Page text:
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The Daily Tar Heel

Students Take Mic to Share Race Experiences

Students and faculty shared their views on racial prejudices, exclusiveness of ethnic groups and perceived racial barriers at UNC during a discussion Tuesday night in the Union Cabaret.

The open-mic event, another installment of Race Relations Week, was presented by the Living with Compassion Series and the Cultural Diversity Committee of the Black Student Movement. "This was an opportunity to look at race and how it affects our lives and the University," said Jon Curtis, assistant director of Union student activities and a moderator for the event. "We wanted people to meet each other and relate in an intimate and comfortable way."

Discussions began after one of the moderators introduced a topic. Students then stated their opinions on such issues as the relationships between blacks and whites and the importance of recognizing other minority groups. "So much conflict still exists (between blacks and whites) that (Asian Americans) begin to feel left out," said Rena Arora, a sophomore representative for Students for the Advancement of Race Relations.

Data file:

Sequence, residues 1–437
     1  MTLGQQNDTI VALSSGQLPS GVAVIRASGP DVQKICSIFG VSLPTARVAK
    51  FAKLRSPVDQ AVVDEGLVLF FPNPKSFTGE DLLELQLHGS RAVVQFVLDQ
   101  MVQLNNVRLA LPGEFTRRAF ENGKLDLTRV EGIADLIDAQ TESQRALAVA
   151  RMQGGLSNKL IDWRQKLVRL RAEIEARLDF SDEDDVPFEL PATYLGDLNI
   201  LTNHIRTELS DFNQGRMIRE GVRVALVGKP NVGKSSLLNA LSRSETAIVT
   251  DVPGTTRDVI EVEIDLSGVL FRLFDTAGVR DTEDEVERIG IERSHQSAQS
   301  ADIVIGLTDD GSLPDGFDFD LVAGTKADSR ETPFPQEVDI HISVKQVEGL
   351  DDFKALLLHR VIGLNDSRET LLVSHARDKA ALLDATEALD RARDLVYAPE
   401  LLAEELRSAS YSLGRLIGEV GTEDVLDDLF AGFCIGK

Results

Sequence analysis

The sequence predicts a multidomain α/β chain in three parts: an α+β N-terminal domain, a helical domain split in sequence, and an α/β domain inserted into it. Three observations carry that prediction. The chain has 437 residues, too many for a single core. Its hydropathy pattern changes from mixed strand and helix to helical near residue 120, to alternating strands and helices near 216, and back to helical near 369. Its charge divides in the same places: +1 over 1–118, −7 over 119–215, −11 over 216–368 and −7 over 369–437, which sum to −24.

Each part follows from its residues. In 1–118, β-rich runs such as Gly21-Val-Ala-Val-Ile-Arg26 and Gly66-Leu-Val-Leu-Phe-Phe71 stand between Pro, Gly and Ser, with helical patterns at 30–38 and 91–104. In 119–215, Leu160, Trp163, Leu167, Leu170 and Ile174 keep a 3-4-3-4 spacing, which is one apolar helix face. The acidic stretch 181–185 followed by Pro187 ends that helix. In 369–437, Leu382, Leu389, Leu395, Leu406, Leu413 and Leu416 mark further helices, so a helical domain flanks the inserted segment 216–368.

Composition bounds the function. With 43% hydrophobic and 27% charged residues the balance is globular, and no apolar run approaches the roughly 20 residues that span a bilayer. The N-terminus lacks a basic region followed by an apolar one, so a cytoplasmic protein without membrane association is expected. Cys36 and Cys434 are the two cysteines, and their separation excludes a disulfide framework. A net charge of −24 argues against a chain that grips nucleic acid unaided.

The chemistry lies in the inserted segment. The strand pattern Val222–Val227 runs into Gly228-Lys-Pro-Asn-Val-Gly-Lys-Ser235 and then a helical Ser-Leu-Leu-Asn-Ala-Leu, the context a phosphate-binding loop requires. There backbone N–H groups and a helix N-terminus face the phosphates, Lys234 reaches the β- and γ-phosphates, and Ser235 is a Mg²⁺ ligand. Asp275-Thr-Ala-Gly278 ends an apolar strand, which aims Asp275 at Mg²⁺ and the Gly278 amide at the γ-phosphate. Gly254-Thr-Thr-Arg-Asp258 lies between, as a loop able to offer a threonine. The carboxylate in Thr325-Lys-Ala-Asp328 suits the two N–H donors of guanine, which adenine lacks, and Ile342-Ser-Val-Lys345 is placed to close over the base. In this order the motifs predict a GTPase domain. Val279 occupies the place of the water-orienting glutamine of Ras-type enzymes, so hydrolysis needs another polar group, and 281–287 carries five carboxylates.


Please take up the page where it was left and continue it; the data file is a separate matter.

The discussion also focused on minorities' roles in UNC classrooms.

Some students said they resented being the only minority in a class and said they felt they had to be a voice for their ethnic group. "I feel like I have to set an example and go above and beyond the normal expectations set for students," said Ndidi Okeke, a junior psychology major.

Other students expressed views that suggested students at the University self-segregate. "When you are apart of a minority, you feel that you cannot be your true self, and when you get the chance to relate to someone of your own background, you feel like you can relax," said Jokena Smith, vice president of BSM.

Moderators encouraged students to end the need to self-segregate by confronting their own issues of insecurity.

"Everyone needs to go inside of themselves and come to terms with their own prejudices," said Chimi Boyd, assistant director of Campus Y.

At the end of the discussion, members of various ethnic organizations invited everyone to their respective meetings. "There is opportunity every single day for dialogue between races," said Terri Houston, director of Minority On-Campus Recruitment and Support Program and a forum moderator. "People who are different should want to communicate with one another because they are genuinely interested."

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